Rail freight


Council refused permission to appeal Radlett freight decision

The Court of Appeal has refused to give St Albans City & District Council permission to appeal the dismissal of its recent court challenge against the proposal for a strategic rail freight interchange (SRFI) at Radlett.                   

Last year, the council challenged the communities secretary’s decision to grant planning permission for the SRFI at Park Street near St Albans. However, the High Court dismissed the council’s challenge on 13 March. 

RTM reported back in April that the council confirmed it would seek permission to appeal the dismissal, but yesterday it received notice that the permission had been refused. 

In his decision Rt. Hon. Lord Justice Sullivan says that he considers the grounds of appeal put forward by the council do not have a real prospect of success. The council now has seven days to decide whether to request that Lord Justice Sullivan’s decision is reconsidered at an oral hearing before the Court of Appeal.  

A council spokeswoman said: “We will take advice from our legal advisors before making this decision.” 

Philippa Edmunds, Freight on Rail manager, told RTM: “This decision is most welcome. Without terminals, which are the freight equivalent of stations for passengers, more freight cannot be transferred to the railways. 

“Road/rail transfer stations such as Radlett are urgently needed at key strategic locations on our major networks to get long distance consumer freight onto the railways, the low carbon energy efficient safer alternative to HGVs which reduces road congestion.

“Radlett has become a test case because of its location in the south east where there is a lack of alternative sites with good road and rail connections.” 

(Image: c. mwmbwls)

Tell us what you think – have your say below or email opinion@railtechnologymagazine.com


Steve Bowes-Phipps   30/06/2015 at 12:01

Ms Edmunds comment on railfreight terminals is great if such a terminal were to be used for rail freight and not just road freight. However, this site is so unsuitable that it will require major tunnel and bridge work between St Albans and London (which in itself is very Carbon-intensive), plus there will be significant disruption to Thameslink commuters that may force many of them onto the roads for years to come. Not to mention the destruction of the largest piece of green belt left between St Albans and London, that will destroy the surrounding villages with light and noise pollution, and with raised traffic levels from the freight lorries (300/day) on to what is already one of the most congested trunk routes in the UK. Add to this the 3000-odd staff needed to operate it in an area of historically low employment and high skill levels, which means that they will need to drive in in their own cars from places such as Luton and North London. How can anyone sell this as 'low carbon'? The sensitive (and greener) solution would have been to site it at Upper Sundon where trunk road links have already been (or are currently being) built, and there is a willing low-skilled workforce available to staff it AND the local council has actively sought it.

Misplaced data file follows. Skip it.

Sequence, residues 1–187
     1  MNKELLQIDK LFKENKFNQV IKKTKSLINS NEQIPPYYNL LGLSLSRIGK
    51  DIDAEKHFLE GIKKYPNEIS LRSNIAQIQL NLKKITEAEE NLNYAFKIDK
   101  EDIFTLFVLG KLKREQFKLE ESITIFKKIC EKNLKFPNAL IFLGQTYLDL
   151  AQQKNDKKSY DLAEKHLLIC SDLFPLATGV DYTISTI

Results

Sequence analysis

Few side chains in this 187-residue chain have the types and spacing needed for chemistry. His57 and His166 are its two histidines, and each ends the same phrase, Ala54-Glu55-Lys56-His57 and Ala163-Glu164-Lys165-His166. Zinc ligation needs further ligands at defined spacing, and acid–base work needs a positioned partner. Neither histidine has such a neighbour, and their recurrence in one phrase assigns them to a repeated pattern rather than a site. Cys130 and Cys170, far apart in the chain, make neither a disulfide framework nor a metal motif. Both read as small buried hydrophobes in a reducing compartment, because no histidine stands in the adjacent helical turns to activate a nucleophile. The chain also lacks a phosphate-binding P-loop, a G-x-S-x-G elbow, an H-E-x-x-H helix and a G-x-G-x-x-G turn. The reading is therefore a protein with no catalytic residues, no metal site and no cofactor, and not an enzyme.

Neil Palmer   01/07/2015 at 02:03

Steve, Please explain how a site bordered on the west & east by the St Albans Abbey branch & Midland Main lines, and on the north & south by the A414 & M25, is an unsuitable location for a freight terminal. Also why would it require major tunnel & bridge work between St Albans & London?

Nick K   03/07/2015 at 08:46

The arguments being presented by St Albans Council (railway paths, congestion etc.) are obviously being totally ignored. Maybe they should take a different tack, of being allowed to heavily fine the operators for every lorry load NOT handled via a train. But this would NEVER be permitted - Helioslough might even abandon the project...

Steve Bowes-Phipps   22/09/2016 at 11:52

@Neil Sorry for my late reply, I didn't realise you'd posed a question to me. The answer is simple - the nearest track (Midland Main Line) has the wrong gauge and the tunnels are the wrong height for the freight cars that need to go through them. Also, the positioning of the site means that trains will have to slow considerably and pass over the other track, causing huge delays to the timetable to accommodate. There are much better places to put this freight depot, which is a good idea in principle, but St Albans is not it.

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